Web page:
The Atlantic Coast Conference tournament begans today in Greensboro, N.C., with Maryland favored by three points over Clemson, North Carolina State a two-point choice over Virginia and Duke rated 11 points beter than Wake Forest.

These are the national prices posted by Sonny Reizner at the Castaways' "Hole in the Wall" sports book in Las Vegas. Reizner projects North Carolina as a six-point favorite over Maryland and Duke a 6 1/2-point favorite over N.C. State in the semifinals, with Duke favored by two over Carolina, should form hold true throughout the tournament.

Duke, as the line suggests, is the team to topple on Tobacco Road this weekend. Either North Carolina or Virginia could upset the Blue Devils but there is no guarantee that either of those squads will get the opportunity. The Maryland-Clemson winner could defeat Carolina on Friday, and I make North Carolina State, giving two points, the best bet of the threeday event against Virginia this afternoon.

How a team with as much talent as State could have tied for last place with Wake Forest is difficult to explain.

Never underestimate the importance of coaching -- both pregame preparation and adjustments from the bench -- in this tournament. Virginia's Terry Holland has shown more than once that the best players do not always end up on the long end of the score.

Virginia has the league's finest offensive weapon this season in Jeff Lamp, except when they overdo a good thing and design every play to feed him. When that happens, the nine other guys on the floor all begin looking for the same man, and that includes Virginia's four players, who start standing around, anxious to see what their star does.

This situation prevailed when State mugged Virginia in Raleigh this year. Lee Raker was injured and did not play for the Cavaliers that day, but Raker's presence does not alter the balance of power State enjoys inside, where the Wolfpack is stronger and deeper and where Virginia is so vulnerable.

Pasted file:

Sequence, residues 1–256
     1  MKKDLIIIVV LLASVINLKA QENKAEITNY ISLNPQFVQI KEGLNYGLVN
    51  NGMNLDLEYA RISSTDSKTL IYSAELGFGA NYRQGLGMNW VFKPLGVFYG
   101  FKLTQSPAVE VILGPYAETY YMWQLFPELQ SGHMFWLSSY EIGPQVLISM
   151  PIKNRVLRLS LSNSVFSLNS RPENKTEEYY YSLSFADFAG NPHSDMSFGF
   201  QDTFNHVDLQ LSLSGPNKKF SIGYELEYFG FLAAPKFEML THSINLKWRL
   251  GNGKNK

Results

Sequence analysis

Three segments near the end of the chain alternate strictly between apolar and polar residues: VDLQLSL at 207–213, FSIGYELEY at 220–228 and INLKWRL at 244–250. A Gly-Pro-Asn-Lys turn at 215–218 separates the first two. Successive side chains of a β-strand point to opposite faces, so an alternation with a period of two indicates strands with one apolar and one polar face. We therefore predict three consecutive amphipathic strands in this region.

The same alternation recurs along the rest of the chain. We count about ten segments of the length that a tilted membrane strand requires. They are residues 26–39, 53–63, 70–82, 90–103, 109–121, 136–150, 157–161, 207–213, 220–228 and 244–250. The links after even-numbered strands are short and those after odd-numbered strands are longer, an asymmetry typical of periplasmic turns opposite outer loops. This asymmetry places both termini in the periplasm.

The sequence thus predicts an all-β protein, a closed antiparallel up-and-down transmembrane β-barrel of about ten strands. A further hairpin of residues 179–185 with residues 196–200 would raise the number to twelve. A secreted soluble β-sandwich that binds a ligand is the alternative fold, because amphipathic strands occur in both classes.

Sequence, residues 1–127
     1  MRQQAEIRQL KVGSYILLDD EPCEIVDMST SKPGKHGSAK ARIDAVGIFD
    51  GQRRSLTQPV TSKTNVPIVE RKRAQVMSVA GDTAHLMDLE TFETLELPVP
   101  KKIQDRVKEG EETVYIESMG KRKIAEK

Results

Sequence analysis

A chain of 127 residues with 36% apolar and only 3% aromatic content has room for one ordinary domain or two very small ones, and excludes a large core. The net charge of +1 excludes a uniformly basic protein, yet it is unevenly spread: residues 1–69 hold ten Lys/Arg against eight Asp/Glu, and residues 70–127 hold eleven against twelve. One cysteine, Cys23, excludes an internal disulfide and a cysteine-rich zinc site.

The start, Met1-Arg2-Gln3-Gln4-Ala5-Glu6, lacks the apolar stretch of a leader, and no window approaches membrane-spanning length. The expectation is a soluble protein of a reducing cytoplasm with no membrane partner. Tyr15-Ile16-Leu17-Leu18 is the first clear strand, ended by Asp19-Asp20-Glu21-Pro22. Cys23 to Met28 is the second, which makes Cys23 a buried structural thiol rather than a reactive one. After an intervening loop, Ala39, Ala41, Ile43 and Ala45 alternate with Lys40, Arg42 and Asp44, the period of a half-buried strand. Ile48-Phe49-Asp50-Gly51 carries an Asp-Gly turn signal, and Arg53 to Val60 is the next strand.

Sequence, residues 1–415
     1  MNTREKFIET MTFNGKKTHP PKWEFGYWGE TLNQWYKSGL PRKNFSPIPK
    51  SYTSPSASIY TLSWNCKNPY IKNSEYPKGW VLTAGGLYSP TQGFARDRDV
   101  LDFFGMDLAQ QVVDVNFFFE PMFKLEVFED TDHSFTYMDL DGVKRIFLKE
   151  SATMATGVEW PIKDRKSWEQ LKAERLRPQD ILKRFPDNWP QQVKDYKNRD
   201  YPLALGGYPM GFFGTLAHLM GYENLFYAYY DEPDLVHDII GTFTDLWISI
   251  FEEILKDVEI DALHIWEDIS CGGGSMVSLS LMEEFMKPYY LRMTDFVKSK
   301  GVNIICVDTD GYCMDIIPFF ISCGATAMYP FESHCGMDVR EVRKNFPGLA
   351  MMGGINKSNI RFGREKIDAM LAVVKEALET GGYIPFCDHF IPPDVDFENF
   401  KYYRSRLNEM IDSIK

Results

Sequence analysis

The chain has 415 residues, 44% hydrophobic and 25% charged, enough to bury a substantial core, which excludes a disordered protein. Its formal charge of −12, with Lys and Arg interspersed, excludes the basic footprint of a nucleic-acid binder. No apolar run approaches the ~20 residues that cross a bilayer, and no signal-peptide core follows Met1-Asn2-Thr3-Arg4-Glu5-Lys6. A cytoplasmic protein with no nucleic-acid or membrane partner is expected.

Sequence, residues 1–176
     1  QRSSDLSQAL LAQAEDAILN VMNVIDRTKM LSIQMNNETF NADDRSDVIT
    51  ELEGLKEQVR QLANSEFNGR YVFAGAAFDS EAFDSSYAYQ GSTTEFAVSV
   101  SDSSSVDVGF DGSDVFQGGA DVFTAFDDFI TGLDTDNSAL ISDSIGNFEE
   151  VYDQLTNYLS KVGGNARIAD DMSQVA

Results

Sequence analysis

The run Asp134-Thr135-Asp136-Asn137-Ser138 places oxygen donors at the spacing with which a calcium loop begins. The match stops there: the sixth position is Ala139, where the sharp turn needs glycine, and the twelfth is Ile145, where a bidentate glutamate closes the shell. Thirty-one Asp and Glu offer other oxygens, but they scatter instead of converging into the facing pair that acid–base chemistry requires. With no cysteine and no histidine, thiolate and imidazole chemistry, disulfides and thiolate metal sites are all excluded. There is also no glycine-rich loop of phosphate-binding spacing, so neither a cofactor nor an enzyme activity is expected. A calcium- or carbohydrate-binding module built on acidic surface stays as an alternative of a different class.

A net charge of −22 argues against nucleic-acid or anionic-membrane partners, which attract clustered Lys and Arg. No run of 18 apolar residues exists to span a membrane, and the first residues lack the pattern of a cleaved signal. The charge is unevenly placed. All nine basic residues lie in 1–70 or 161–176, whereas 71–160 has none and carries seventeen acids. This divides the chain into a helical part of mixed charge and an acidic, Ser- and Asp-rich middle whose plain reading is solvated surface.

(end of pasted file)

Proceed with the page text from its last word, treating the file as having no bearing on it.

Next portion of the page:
A superior inside game does not always prevail, but that is the way to bet and I will give the two and hope State Coach Norm Sloan doesn't go to sleep.

Inside-outside matchups are the basis for any solid approach to handicapping college basketball. I am certain, for example, that Duke would prefer to meet State instead of Virginia on Friday. The Cavaliers do not have as much muscle or as deep a bench as State, but they have the discipline needed to give Duke a tough time. State lacks that discipline.

This consideration prompts another question; who is going to be the disciplined player for Maryland if Greg Manning is not available? The Terps always to to emanning when they need a clutch play. He is injured, and may not be at his best if he plays, so Maryland is hurting.

Clemson, accordingly, has an excelent chance to take the Terps out in the first round. The Tigers, a known club, improved in a hurry during February. They have the advantage, psychologically, of having lost to Maryland twice during the season. Lefty might have a hard time covincing his troops that a third victory will be more difficult than the first two. I will take Clemson, getting the three.

Which brings us to Northe Carolina, the 9-3 cochampion (with Duke) that drew the first-round bye. This is Dean Smith's poorest collection of athletes in more than a decade. The fact the Tar Heels were rated (o. 4 in the country as recently as tow weeks ago goes to show how easy it is for Smith to fool the voters.

No one knows better than Smith just how limited his current team is. He broadcast that fact Saturday night in Durham when he was afraid to have his boys play Duke. During 20 minutes of nonbasketball, Smith showed he can be as desperate to have face as all the other barracudas in the ACC. He knew that Duke, when primed and playing at home this year, was as good as any team in the nation.

The Blue Devils have not been that frightening away from their home court, however. Smith, on a neutral site, might find a way for Carolina to beat the superior forces. He has done it before. This is a wonderfully resourceful coach. And Duke seems to play scared against him.

Duke should win this tournament. I would back them, mildly, giving two points to Carolina in the finals. Indeed, Duke, with alittle luck, could go on and capture the NCAA title. Carolina couldn't do that, no matter what. But that is not the question this weekend in Greensboro.